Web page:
General News of Friday, 4 January 2019
The State Protocol Department will soon take charge of the production of the national flag as a measure to ensure uniformity among flags sold on the market.
Even though the state institution was formerly in control of that responsibility, it has stopped due to some challenges. But speaking to The
Mirror, the Deputy Chief State Protocol Officer, Ms Rosemary Agyapong-Pabbi, said the department was exploring the possibility of reintroducing that system.
That, she said, could check the discolouration of the national symbol.
“Formerly, we were sowing flags for all the institutions. We are hoping to bring that system back again. When we do that we will produce the right material, texture and actual colours of the national flag,” she said.
Ms Agyapong-Pabbi was reacting to a report by a columnist of The Mirror on some torn and worn out flags in some parts of the capital.
In the October 5, 2018 edition of The Mirror, Ms Ajoa Yeboah-Afari, reported that national flags on some of the most prominent streets in the capital were not in good shape.
Barely a month afterwards, the paper also followed up and found that some national flags mounted along the Netherlands Embassy towards the Ghana Broadcasting Corporation (GBC) road, Paloma Area and the Busy Internet stretch to Kwame Nkrumah Circle Interchange were either worn out or discoloured.
However, on the Liberation Road and other ceremonial streets, the Union Jack had been hoisted in anticipation of the visit of the Prince of Wales, Prince Charles, and The Duchess of Cornwall, Camilla, on November 2, 2019.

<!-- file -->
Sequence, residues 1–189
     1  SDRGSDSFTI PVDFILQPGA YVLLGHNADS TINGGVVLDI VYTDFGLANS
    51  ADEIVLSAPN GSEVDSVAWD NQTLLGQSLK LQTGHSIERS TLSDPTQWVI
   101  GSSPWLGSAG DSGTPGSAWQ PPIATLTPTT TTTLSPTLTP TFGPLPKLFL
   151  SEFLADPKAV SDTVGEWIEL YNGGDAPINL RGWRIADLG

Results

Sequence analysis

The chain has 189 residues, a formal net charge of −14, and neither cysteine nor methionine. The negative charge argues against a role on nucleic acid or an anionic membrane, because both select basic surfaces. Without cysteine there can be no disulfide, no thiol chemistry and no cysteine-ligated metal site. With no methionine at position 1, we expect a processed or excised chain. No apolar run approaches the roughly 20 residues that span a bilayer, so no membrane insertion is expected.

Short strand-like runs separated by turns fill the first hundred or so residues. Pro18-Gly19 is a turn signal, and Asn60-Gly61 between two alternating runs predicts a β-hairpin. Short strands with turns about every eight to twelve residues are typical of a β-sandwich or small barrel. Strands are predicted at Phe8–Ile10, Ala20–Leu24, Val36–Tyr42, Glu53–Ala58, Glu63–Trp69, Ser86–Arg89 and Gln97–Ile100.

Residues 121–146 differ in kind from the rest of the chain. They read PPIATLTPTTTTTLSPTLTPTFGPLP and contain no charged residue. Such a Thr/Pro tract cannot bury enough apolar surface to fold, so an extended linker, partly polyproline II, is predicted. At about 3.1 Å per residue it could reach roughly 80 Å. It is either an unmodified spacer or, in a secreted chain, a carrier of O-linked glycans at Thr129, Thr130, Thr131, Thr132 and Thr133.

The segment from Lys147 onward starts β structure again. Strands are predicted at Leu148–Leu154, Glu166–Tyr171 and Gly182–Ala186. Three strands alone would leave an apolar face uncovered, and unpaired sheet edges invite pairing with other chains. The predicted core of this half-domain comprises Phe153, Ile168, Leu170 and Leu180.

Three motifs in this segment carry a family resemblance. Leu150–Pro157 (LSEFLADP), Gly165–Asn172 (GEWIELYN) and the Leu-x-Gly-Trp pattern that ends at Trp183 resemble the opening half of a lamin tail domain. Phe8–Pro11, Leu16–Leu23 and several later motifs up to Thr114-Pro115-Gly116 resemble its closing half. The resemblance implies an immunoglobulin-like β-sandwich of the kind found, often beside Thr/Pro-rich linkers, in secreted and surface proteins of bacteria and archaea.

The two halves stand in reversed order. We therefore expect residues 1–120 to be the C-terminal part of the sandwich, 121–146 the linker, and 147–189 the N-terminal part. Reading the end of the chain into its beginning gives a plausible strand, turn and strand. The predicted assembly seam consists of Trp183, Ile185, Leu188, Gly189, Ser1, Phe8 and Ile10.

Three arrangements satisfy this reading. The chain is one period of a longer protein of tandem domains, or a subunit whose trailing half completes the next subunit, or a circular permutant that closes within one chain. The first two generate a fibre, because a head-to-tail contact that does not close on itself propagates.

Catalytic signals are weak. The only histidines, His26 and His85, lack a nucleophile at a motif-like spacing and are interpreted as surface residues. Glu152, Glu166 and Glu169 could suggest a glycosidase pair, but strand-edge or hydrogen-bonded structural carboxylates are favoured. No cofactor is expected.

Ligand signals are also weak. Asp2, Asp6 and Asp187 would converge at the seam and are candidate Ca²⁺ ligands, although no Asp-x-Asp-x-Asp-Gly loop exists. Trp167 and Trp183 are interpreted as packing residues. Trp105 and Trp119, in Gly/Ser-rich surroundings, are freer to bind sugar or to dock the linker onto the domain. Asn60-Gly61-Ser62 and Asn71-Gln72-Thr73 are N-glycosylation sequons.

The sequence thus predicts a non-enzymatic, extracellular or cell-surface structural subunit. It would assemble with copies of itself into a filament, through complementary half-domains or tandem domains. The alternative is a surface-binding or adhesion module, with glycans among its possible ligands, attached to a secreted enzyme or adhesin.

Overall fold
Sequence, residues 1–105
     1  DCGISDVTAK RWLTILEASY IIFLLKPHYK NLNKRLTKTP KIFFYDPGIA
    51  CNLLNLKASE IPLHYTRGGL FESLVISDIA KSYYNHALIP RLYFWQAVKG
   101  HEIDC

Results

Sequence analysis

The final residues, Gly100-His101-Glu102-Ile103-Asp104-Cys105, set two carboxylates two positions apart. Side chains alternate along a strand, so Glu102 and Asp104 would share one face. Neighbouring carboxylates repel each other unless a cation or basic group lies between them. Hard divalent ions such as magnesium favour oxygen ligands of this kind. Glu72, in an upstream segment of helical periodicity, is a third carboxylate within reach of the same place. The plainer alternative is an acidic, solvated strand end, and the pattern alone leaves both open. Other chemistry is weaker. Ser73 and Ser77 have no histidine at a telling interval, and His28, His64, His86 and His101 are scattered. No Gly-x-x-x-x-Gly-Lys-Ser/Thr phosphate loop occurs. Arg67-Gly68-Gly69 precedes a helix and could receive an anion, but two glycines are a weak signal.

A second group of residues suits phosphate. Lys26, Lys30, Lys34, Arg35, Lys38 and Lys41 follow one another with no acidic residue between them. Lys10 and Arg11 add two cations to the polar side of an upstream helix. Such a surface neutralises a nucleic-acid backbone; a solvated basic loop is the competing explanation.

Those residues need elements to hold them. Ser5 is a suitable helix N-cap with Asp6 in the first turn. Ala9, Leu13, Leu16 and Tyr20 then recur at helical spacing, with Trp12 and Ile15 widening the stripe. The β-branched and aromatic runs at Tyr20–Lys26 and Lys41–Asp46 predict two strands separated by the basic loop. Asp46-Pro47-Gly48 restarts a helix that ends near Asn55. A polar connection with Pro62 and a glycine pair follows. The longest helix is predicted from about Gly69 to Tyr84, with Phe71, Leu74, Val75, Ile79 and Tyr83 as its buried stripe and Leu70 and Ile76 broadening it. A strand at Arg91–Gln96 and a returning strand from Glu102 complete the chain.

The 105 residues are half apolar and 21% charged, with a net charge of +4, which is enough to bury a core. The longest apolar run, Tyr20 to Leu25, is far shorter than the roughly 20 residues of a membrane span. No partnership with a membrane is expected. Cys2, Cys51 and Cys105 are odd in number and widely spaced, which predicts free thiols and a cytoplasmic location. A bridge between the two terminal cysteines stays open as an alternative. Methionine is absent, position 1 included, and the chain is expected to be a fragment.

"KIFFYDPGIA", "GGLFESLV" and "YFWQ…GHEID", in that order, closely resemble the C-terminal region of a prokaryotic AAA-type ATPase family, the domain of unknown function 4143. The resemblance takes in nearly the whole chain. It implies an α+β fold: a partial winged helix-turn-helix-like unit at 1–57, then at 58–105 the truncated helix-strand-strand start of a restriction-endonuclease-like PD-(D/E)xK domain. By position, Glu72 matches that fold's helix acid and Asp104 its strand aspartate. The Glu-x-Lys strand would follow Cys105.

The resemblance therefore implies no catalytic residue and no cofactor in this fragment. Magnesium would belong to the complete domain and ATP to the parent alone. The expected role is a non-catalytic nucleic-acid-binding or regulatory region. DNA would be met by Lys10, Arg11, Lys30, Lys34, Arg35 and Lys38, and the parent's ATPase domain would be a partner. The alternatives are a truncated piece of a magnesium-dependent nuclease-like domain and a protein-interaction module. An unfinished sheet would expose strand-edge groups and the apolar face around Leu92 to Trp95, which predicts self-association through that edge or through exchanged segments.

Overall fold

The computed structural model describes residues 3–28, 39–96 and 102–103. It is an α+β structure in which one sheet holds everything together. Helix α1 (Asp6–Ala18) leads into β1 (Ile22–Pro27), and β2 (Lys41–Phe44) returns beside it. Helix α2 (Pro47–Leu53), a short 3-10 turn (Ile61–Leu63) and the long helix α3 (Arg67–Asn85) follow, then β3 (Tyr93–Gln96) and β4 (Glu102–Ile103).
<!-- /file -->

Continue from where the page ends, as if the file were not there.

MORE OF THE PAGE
As of the time of filing this story, there were no flags on the above-mentioned stretches.
Discolouration of flag
Responding to the discolouration of the flag, Ms Agyapong-Pabbi noted that it was partly due to the shade and texture some people use in designing the flags, but added that efforts were being made for the State Protocol to take full responsibility of supplying the flags to institutions that might need them.
“We advise people to come here to get the right flags since we know and have the original ones,” she said.
Even though she said the flags were changed every three to four weeks, she admitted that there were certain times that they become dirty or worn out due to the weather.
She further explained that there were times that the pulley on flagpoles got rusted, and that resulted in the dirt.
Ms Agyapong-Pabbi noted that the State Protocol had its jurisdictions as far as the mounting of flags were concerned.
Even though the department had regional representatives in the regions responsible for hanging of flags in different parts of the country, Ms Agyapong-Pabbi said: “Our jurisdictions in Accra fall within Jubilee Lounge at the Airport, Black Star Square, Forecourt of Parliament House and the Jubilee House.”
She indicated that the AMA was solely responsible for mounting flags on ceremonial streets in the capital city.
Meanwhile, those in front of some schools, hotels and hospitals did not fall under the state protocol or the AMA, but efforts were being made to streamline their activities.
“As State Protocol, we have to portray the nation for visitors to know that they’re in Ghana. No matter the cost involved, national flags are important and critical,” she stated.
‘No unsightly items’
The Head of the AMA Protocol, Mr Abbey Ashie Mensah, told The Mirror that the city authorities did not only clear the city of dirty flags, but also unsightly items while on operations.